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Ericsson has agreed to sell its IoT business to Aeris, a California-based IoT Solutions company. An analyst has said that this latest divestment of the Swedish company shows bad management and a mindset of being stuck to their traditional business involving networks.

As per the press statement, the company’s IoT business, whıch includes Ericsson’s IoT Accelerator and Connected Vehicle Cloud businesses, has been the key driver of the losses in business area technologies and new businesses in its enterprise segment.

The transaction involving the transfer of Ericsson’s IoT business assets and employees to Aeris will eliminate quarterly losses of SEK 0.25 billion. By tapping only a “limited part of the value chain,” Ericsson has indirectly acknowledged its IoT adventure has failed.

The Aeris buyout is said to accelerate consolidation in the “rather fragmented” cellular IoT market. Looking back in 2019, Ericsson had unveiled the next steps in the evolution of cellular IoT. And even earlier this year, in 2022, they launched the IoT Accelerator Connect to deliver a reliable and secure cellular IoT platform that aims to empower CSPs and enterprises worldwide.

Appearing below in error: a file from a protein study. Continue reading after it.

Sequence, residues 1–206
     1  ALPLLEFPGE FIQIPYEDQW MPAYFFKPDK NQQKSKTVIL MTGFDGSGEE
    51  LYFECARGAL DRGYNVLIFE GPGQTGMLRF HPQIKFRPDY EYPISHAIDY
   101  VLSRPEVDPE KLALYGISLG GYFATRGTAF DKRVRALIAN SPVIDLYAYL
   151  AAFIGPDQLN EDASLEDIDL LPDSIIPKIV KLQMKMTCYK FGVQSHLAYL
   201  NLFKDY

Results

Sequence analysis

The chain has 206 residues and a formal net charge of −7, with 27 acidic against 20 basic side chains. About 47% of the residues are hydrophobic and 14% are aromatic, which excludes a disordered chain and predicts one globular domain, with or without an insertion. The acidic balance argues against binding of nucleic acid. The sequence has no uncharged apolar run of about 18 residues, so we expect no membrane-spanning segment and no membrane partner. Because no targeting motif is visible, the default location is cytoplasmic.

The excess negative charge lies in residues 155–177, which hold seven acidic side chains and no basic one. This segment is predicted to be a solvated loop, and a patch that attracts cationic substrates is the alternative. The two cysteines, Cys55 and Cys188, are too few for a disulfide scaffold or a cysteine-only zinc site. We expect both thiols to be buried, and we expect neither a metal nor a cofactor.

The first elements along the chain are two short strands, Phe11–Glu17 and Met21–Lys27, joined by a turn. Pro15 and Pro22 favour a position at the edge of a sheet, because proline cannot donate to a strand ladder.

Passing the loss-making IoT Accelerator business to Aeris is not Ericsson's first unsuccessful venture. Over the years, the company has jumped from one unprofitable endeavor to another through merger and acquisitions.

The joint venture between Sony and Ericsson in 2001 failed due to losses from the start, and they couldn’t fight the main competitors of the mobile phone manufacturing industry. There was a misrepresentation of their product in the market due to a lack of innovation that eventually led to delivering unsatisfactory products to customers.

Another dissolved JV was established between Ericsson and STMicroelectronics between 2009 and 2013. ST-Ericsson had been unprofitable since it was formed and successive cost-cutting plans failed to staunch its losses, including 1,700-job cuts and the transfer of some product development to STMicro.

On the verge of bankruptcy, Ericsson acquired the parts of Nortel’s network division that worked with CDMA and LTE technologies for just over US$ 1 billion after bidding at the end of July 2009. In 2011, Ericsson’s acquired Telcordia in order to "reinforce and expand" their position in the OSS/BSS markets. In addition, in 2019, Ericsson announced the acquisition of Kathrein’s antenna and filter business ın order to further expand their capabilities and competences in the advanced active and passive antenna domains.

These notable acquisitions have not significantly demonstrated a strong profitable return on investment in the Swedish telecom vendor’s financial statements over time. Its recent billion-dollar acquisition of Vonage ıs anticipated to support Ericsson’s strategy to leverage technology leadership, grow its mobile network business and expand into the enterprise sector by having access to powerful building blocks that offer a full suite of communications solutions.

The dramatic sales slump in China in 2021 has significantly impacted the shape of the market and procurement decisions in multiple markets, with Ericsson suffering collateral damage.

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